47 Days of Doctor Who–Day #7: Best Historical Character

Welcome to a 47-day series of articles about the revival version of Doctor Who (2005-present).  I’ve come up with  47 topics / questions to answer, all of them basically positive and upbeat about the program.  Each day (or as often as I can actually write these) I’ll pick one of them at random (using this convenient random number generator) and then write up an answer.

Why 47?  It’s my favorite number.
Why Doctor Who?  It’s my favorite show.
Why the modern day Doctor Who only?  Simply because I remember it better.
Why only positive stuff?  Because really, I write enough snark.

Today is Day #7, and around and around goes the Random Number Generator, revealing that today’s number is 11, which means the topic of the day is this:

“Best Historical Character”

So here we’re obviously talking about real people showing up as characters on the series.  Not little cameos by real newsreaders or whatever playing themselves, but famous historical figures, generally who are long dead, brought to life by actors, often to play major roles in an episode.

There have only been a few of these really, but they are all notable:  Winston Churchill, Queen Elizabeth I, Queen Victoria, Charles Dickens, Agatha Christie, and William Shakespeare have all been featured, some more than once.  These figures have all been treated almost reverentially, in a way celebrating the best of what it means to be British.  Less well-regarded figures have also appeared, of course, such as Richard Nixon or Hitler.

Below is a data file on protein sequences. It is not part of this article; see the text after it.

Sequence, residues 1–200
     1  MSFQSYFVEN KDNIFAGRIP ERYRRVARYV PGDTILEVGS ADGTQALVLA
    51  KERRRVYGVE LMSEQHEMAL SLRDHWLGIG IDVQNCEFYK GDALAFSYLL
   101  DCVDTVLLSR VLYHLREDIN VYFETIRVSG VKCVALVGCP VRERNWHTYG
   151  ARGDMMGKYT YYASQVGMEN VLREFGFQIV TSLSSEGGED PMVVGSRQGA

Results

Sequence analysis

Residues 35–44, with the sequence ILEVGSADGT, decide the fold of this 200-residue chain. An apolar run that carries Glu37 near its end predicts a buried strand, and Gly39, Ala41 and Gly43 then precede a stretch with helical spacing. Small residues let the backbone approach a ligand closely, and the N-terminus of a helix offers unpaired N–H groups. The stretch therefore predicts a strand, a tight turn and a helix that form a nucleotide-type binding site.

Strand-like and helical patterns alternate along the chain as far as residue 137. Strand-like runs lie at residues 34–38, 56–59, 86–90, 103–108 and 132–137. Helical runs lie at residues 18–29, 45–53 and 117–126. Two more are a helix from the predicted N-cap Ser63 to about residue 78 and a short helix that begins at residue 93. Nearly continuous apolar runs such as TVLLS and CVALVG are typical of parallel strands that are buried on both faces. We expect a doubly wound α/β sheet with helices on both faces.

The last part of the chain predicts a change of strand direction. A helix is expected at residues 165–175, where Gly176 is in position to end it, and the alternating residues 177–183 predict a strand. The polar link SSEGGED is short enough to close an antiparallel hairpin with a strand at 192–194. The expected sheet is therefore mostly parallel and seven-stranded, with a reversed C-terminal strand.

None of them are particularly meaningful to me, in terms of their television portrayal.  For a while, I was tossing up between Churchill and Dickens as the one that I thought was the best, but then I remembered someone else, and though I don’t hold his episode in as high regard as many do, I realized that he had to be my pick:

Vincent van Gogh from Vincent and the Doctor (and also The Pandorica Opens)

I don’t consider Vincent and the Doctor to be the episode a classic as many do–rather, I’d say it’s a pretty thin story.  But still, it had decent character work and dealt with some touching themes:  what value is there in being a positive presence in someone’s life if you can’t alter their eventual destiny?  Tony Curran plays the famous painter, bringing a plausible mixture of pathos and joy to the character.

Often these historical episodes serve sort of as tributes to the characters, or what they represent.  Of them all, the one for van Gogh is perhaps the most effective, thanks to the fact that the episode doesn’t shy away from the tragic elements of his life, and because it’s one of the only ones that doesn’t feel also like a tribute to the whole of the British people.

Agree?  Disagree?  Any die-hard fans of Queen Nefertiti out there?  Let me know.

More next time!

Click here for a master list for this series.


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